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Neonatal Med > Volume 23(2); 2016 > Article
Neonatal Medicine 2016;23(2):108-115.
DOI: https://doi.org/10.5385/nm.2016.23.2.108    Published online May 31, 2016.
Neurodevelopmental Outcome According to Prenatal and Postnatal Growth Patterns in Preterm Infants.
Jin A Sohn, Ee Kyung Kim, Jin A Lee, Chang Won Choi, Han Suk Kim, Beyong Il Kim, Jung Hwan Choi
Department of Pediatrics, Seoul National University College of Medicine, Seoul, Korea. kimek@snu.ac.kr
Abstract
PURPOSE
We compared neurodevelopmental outcomes according to prenatal and postnatal growth patterns in preterm infants and evaluated the proper catch-up growth timing and risk factors that affect poor neurodevelopmental outcomes.
METHODS
We retrospectively reviewed the electronic medical records of preterm infants born at <32 weeks of gestational age or with <1,500 g of birth weight, who were tested with the Bayley scales of infant and toddler development, third edition (Bayley-III), at 8 and/or 18 months of corrected age in the outpatient clinic. Study populations were divided into four groups according to catch-up growth patterns, which were evaluated about <10th or ≥10th percentile at birth and at 8 or 18 months.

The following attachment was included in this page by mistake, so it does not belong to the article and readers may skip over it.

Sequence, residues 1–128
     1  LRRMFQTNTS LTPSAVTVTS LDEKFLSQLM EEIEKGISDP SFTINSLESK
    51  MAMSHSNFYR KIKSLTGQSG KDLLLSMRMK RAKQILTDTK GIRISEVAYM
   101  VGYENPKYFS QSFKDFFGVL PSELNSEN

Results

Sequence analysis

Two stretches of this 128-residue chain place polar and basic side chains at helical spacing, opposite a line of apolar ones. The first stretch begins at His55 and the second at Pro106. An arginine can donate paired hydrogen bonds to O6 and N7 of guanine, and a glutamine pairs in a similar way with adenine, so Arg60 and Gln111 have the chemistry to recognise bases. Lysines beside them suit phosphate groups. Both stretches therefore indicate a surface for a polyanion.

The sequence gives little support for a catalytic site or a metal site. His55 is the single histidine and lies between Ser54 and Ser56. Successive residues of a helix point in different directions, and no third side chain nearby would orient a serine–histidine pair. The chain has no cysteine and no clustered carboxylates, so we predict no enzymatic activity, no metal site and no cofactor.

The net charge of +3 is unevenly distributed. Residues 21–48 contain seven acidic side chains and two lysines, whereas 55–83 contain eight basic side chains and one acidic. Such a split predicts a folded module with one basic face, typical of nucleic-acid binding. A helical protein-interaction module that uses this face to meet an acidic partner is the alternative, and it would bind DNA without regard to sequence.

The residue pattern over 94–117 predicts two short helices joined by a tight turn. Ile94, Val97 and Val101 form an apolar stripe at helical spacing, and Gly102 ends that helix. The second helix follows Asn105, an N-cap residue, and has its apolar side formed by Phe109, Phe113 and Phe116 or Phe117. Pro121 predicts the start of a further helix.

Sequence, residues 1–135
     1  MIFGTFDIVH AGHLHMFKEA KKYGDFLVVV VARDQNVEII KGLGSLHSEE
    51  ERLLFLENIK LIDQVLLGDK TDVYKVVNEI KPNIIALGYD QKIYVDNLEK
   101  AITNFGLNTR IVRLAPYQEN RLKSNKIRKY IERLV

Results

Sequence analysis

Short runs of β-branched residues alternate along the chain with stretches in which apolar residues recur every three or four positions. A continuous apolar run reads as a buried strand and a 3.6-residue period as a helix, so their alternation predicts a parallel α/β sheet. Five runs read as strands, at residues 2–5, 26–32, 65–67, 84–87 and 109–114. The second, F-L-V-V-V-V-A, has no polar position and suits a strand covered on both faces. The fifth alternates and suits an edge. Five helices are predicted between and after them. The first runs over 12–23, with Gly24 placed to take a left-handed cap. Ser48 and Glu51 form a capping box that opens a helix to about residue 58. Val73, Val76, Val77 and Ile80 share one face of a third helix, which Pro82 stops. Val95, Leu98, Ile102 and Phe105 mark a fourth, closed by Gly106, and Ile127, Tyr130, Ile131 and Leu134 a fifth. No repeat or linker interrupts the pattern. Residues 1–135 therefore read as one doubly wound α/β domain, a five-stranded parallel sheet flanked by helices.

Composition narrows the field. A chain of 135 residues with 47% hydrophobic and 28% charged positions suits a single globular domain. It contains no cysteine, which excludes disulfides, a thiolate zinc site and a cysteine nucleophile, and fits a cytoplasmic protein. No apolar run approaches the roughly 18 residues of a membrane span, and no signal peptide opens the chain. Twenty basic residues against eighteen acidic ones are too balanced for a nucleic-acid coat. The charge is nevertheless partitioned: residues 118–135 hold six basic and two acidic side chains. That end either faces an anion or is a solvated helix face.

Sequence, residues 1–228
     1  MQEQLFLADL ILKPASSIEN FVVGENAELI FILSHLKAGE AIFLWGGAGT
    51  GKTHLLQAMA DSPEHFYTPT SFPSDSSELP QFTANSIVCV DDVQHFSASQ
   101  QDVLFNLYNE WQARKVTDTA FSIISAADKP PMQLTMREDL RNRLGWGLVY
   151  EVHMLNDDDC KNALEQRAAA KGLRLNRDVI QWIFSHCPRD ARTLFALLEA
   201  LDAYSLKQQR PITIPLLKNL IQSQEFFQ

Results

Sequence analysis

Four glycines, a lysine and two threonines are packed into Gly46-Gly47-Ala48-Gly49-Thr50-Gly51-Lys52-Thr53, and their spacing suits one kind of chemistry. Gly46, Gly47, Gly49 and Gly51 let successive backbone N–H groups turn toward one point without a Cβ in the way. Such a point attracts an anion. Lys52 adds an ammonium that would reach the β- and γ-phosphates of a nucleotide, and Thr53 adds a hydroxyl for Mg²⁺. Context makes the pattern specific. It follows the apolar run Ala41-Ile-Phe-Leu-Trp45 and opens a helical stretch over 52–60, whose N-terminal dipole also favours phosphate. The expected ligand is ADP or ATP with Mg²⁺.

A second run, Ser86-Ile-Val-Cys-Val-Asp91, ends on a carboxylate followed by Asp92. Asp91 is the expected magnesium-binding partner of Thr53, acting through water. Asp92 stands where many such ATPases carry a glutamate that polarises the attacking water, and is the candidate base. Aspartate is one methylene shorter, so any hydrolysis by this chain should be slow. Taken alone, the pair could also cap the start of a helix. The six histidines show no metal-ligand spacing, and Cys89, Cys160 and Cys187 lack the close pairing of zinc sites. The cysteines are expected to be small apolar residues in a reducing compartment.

RESULTS
In this study, 107 preterm infants were enrolled and 149 results of Bayley-III were analyzed. Infants whose lengths were within <10th percentile at birth had lower cognitive score than those whose lengths were ≥10th percentile at birth (P=0.007). The catch-up growth of length affected cognitive score (P<0.001), and the catch-up growth of head circumference affected cognitive (P<0.001) and motor scores (P=0.024). The catch-up growth of head circumference by 8 months than that by 18 months was more correlated to cognitive (R2=0.300 vs. 0.266, respectively) and motor development (R2=0.257 vs. 0.210, respectively) at 18 months.
CONCLUSION
Appropriate body length at birth in preterm infants was significantly associated with optimal cognitive development. Catch-up growth of body length was related to cognitive development, while catch-up growth of head circumference was related to both cognitive and motor development. Earlier catch-up growth of head circumference was more critical for neurodevelopment than weight and length.
Key Words: Development, Growth, Premature infants


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